Name the best year for the automobile – ever?
Yes, it is a loaded question. It is with historical context, however. It was ten years removed from a war that should have ended all wars. Unfortunately, a spat between Korean partisans turned into an international affair splitting the peninsula in half. The same trouble was brewing in Vietnam, a soon-to-be former French colony. Even those within the Soviet Bloc weren’t buying into the new world order as envisioned by Karl Marx. Hungary was a year away from challenging Moscow on whether it should be their superpower or not.
In the meantime, the idea of colonialism and imperialism began to wane. Since the partition of the Indian subcontinent, African states began to claim independence from their European overseers. The new African states would soon be joined by other new nations worldwide.
Then, there was the United States of America. If there was an ultimate winner in World War II, it would be big nation in the middle of North America. The spoils of the victors came with abundant new housing in vast new land tracts, a slew of jobs for returning veterans, cheap petrol and a lifestyle change that became more consumptive than ever. That is, of course, if you were Caucasian, heterosexual and male. Yet, that paradigm of the status quo was about to change as well…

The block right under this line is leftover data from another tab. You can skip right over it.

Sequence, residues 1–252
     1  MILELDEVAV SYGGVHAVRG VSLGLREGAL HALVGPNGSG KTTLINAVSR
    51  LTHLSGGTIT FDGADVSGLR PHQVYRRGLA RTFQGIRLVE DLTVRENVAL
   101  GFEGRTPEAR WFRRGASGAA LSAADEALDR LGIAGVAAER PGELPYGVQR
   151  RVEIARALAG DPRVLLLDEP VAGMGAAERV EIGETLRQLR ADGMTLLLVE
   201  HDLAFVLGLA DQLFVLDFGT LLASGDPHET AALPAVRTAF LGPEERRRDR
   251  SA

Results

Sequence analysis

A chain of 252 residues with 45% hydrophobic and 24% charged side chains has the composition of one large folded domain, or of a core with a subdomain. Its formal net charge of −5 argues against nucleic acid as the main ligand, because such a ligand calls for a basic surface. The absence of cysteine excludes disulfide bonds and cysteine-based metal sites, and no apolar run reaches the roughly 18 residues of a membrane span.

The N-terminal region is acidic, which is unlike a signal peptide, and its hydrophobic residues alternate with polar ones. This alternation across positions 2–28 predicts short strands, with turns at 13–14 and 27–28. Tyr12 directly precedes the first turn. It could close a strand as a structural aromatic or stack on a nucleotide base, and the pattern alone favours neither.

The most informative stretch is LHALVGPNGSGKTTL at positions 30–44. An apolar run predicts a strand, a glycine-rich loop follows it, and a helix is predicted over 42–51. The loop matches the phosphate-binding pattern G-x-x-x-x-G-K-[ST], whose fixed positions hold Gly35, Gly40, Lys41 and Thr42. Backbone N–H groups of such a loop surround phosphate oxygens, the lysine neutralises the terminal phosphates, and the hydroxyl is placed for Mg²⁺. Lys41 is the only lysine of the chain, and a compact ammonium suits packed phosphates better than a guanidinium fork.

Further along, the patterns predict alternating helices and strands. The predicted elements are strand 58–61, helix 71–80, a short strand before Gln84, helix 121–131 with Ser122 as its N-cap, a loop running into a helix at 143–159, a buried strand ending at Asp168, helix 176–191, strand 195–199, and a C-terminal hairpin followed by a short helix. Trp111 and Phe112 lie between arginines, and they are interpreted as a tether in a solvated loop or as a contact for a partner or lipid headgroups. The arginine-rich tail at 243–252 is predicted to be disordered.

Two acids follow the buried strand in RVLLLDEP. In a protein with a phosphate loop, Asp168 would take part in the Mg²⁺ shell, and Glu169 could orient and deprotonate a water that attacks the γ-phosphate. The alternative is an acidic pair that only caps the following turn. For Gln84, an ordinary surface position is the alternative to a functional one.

As the world changed from a post-war rebuilding of the universe to a forward-thinking society, transportation has changed along with the times. American auto makers were enjoying the rewards of our victory over the Axis powers through thriving sales of their wares. While General Motors, Ford and Chrysler welcomed new consumers at their showrooms, changes were happening outside of the Big Three. Hudson and Nash merged into American Motors. Studebaker and Packard became a single entity. Willys-Overland would also become part of Kaiser, bringing a war hero along – Jeep.
If you guessed that I was referring to 1955 through all of this mish-mash of history and veiled commentary, then you’re a winner! If there was a time when confidence – real or imagined – was overflowing in the automotive industry, you looked no further than the White House and former General Dwight D. Eisenhower. Ike embodied the spoils of victory – a war hero, master leader, playing golf on the White House lawn with an eye of Nikita Khrushchev.
To celebrate that wonderful year, I devised up a My Favorites listing of automobiles that made the year what it was. I'm certain there are no surprises amongst these five. After all, it remains a very memorable year (despite my not being born for another nine years afterwards).
CHRYSLER C-300: No one ever created such a fast American car for its time. The idea of speed was the fantasy of hot rodders and their modified Fords from the 1920s and 1930s. The question had to be asked: What if you took the notion of speed and performance and put it into a mainstream production car? There were plenty of attempts to do so, but nothing as successful as the original Chrysler 300. Under the hood was a 5.4litre FirePower Hemi V8 with two four-barrel carburetors that delivered 300HP – a figure never heard of before in series production. The body may have been a mash-up of a New Yorker hardtop coupe, a Windsor rear end and an Imperial front end; it gave the C-300 a fearless stance on the track and on the road. It ruled NASCAR's top series that year. From that point, the Letter Series elevated the original C-300 to new levels of performance with each year/letter. Think of it as the original SRT model – a study in superlatives in a time when they were welcomed wholeheartedly.